RESOURCES: Great physical activity links and research for people who work with kids

Here are first-rate resources for teachers, parents and anybody who works with children, plus research on health and fitness.


* Jammin’ Minute: will e-mail you free “instant recess” ideas every week. ;

* Let’s Move! The national site, packed with activity ideas.

* Adventures to Fitness: Physical activity programs students can watch on smartboards while they exercise in place. Free to any teacher.;login_htmlusername=&login_htmlmessage=&login_htmlmessage2=&login_htmlmessage3=

* Fuel Up to Play 60: a national program that helps schools and students make changes in daily routines that fight obesity.

* Childhood obesity linked to adult cardiovascular and variety of chronic illness:

Easy reads and overviews:

* Moving and shaking in the classroom: ABC News.

* NYT: “IF you want kids to excel, try gym class.” Profiles of recent research.

* “Bikes, Balls in Class: How phys ed transformed one school”

* “Teachers trade space, traditional fixtures for fitness”

* “Instructors make pitch for vigorous exercise to improve test scores”

Physical activity grants for schools:



Design of a good school physical activity program

* American Alliance for Health, Physical Education, Recreation and Dance. The 5 components of a good program: physical education, physical activity during school, physical activity after school, staff involvement, family and community.

* How to establish a comprehensive school physical activity program for your school:

* State laws related to physical activity:;catExpand=acdnbtm_catC

* The Active School Acceleration Project: Tufts University effort to accelerate physical activity in schools: case studies of successful school programs.

Seniors/Older adults

* How much physical activity do older adults need? Links to tips on getting active.  Success stories about older adults meeting the PA guidelines and consequent health improvements:

* Exercise helps ease arthritis pain and stiffness:

* Strength training for older adults:

* Go4Life from the National Institute of Aging at NIH: An exercise and physical activity campaign from the NIA-designed to help fit exercise and physical activity into daily life:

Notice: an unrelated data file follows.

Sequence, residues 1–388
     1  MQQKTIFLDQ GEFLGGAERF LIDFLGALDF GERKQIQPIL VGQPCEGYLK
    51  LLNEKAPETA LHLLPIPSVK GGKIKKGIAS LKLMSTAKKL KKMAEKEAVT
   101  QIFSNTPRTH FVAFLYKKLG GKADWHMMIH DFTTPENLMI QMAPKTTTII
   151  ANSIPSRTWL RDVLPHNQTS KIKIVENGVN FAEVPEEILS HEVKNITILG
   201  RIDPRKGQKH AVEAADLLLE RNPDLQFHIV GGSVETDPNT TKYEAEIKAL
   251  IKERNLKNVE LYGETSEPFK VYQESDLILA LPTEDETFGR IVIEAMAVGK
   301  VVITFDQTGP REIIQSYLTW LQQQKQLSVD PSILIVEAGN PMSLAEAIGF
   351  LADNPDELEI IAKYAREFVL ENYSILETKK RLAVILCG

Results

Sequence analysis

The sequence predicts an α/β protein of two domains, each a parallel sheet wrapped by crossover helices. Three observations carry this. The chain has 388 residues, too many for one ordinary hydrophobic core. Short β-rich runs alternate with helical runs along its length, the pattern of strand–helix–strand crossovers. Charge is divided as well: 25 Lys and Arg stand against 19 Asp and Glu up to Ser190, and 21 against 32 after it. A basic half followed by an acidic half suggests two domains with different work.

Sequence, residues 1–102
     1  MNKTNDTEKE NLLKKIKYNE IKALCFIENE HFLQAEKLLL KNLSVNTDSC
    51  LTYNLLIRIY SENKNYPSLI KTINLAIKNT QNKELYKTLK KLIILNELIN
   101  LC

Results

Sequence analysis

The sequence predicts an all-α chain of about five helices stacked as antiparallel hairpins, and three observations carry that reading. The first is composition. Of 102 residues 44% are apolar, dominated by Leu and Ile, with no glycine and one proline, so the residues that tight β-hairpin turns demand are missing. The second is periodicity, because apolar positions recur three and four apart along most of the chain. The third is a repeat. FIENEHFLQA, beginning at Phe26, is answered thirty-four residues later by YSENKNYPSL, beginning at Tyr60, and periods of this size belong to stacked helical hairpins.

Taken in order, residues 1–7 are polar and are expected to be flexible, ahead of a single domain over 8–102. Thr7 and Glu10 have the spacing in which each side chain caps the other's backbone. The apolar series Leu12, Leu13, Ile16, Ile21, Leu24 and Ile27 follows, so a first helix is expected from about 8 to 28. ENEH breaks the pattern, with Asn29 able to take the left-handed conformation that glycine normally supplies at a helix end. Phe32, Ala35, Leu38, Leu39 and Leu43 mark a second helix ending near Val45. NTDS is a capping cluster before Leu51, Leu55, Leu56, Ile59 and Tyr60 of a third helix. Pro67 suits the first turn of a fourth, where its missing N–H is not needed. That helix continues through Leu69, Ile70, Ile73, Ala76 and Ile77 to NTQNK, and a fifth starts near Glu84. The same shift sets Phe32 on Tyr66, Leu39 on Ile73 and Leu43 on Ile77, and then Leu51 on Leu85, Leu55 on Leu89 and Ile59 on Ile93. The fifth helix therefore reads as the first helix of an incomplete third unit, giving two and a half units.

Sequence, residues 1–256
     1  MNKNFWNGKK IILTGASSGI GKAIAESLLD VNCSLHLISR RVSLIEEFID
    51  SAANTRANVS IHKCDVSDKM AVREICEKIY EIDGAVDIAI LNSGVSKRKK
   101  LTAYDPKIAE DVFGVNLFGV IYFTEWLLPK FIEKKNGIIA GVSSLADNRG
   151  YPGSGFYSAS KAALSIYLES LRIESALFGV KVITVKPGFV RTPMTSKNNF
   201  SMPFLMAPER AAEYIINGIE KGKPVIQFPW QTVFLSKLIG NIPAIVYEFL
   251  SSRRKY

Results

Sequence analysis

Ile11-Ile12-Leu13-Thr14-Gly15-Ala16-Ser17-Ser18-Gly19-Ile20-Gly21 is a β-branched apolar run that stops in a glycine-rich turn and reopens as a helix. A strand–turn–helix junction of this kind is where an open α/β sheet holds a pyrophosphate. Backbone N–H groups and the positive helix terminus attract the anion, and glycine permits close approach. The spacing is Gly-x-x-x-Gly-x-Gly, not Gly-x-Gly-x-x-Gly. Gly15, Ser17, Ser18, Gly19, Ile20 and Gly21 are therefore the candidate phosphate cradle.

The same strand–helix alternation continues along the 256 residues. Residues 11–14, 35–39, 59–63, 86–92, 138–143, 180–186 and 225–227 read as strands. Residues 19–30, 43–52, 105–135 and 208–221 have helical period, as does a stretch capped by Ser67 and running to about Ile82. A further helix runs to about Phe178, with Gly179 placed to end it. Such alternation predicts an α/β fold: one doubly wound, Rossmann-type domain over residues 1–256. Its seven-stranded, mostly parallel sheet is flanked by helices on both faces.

* Do your pets help keep you healthy?

West Virginia

* Take charge! Be healthy! (CARDIAC)


* WV Mt Bike Assn:;view=article&id=47&Itemid=37

* DHHR site:

* Walkable communities workshop (Ron Eck)

* Eastern panhandle (Mark Cuccazzella):, ; store: run:, blog:

* Summersville rebranding:

Physical activity grants:



* Classroom ideas from Let’s Move West Virginia!:

* Alliance for a Healthier Generation: school success stories from around the country, free help for individual schools.

*, from the Nemours Foundation. Fine all-round site.

* Got little space? You can move anyhow! Skillastics:

* Read and Ride program. How to incorporate exercise bikes in the classroom.

* Ideas for the whole family from the Harvard School of Public Health:

* Recommendations of ways to increase physical activity in communities from The American Journal of Preventative Medicine:

* A detailed examination of recommended exercise, “Health-related fitness in children and adolescents”

* Modern Woodsmen. Free materials and physical activity materials for teachers.

Research that shows physical activity improves academic performance, reduces discipline problems:

* Active bodies, active minds: Excellent overview of the research.

* West Virginia students who were overweight, but aerobically fit did better on standardized tests than students who were healthy weight, but not fit. Aerobic fitness is a better predictor of academic performance than weight is. ;

* Physical education, physical activity and academic performance: Eleven of 14 studies found that regular participation in physical activity is associated with improved academic performance.

* “Effects of health-related physical education on academic achievement:” physical education did not interfere with achievement and appears to have had positive effects ;

* “Curricular physical activity and academic performance,” When between 14 – 26% of time is devoted to physical activity, children’s learning proceeds more rapidly, equaling and sometimes exceeding that of kids who did not have that activity.

*  “Time in school-based physical activity does not compromise children’s academic performance,” an evaluation of Action Schools! BC, a physical activity program in the British Columbia schools

* Spark, by John Ratey: book, filled with cites to the connection between physical activity and academic achievement

* “Evidence-based physical activity for school-aged youth,” After reviewing 850 articles, the panel recommended an hour of daily physical activity for youth.

* Playworks. A review of the positive results of structured play.

* Distractable children consistently improve in their ability to concentrate after exercise

* The amount of physical activity by children steadily declines as they get older:

* How parents can encourage physical activity.

* Girls are participating in sports in record numbers, but exercise outside organized teams drops as adolescence approaches.

* Teens spend more time at computers, become less active as they grow older

* Fitness often not a priority for college students –

Research that shows that physical activity can lower the risk of chronic disease:

* Physical activity reduces cancer risk: National Cancer Institute.

* Regular exercise lowers large number of health risks, including dementia and some cancers.

* “Physical activity and sedentary behavior patterns are associated with selected adolescent health risk behaviors.”  Teenagers who are not physically active are more likely to be involved in harmful habits and behaviors and have lower self-esteem.


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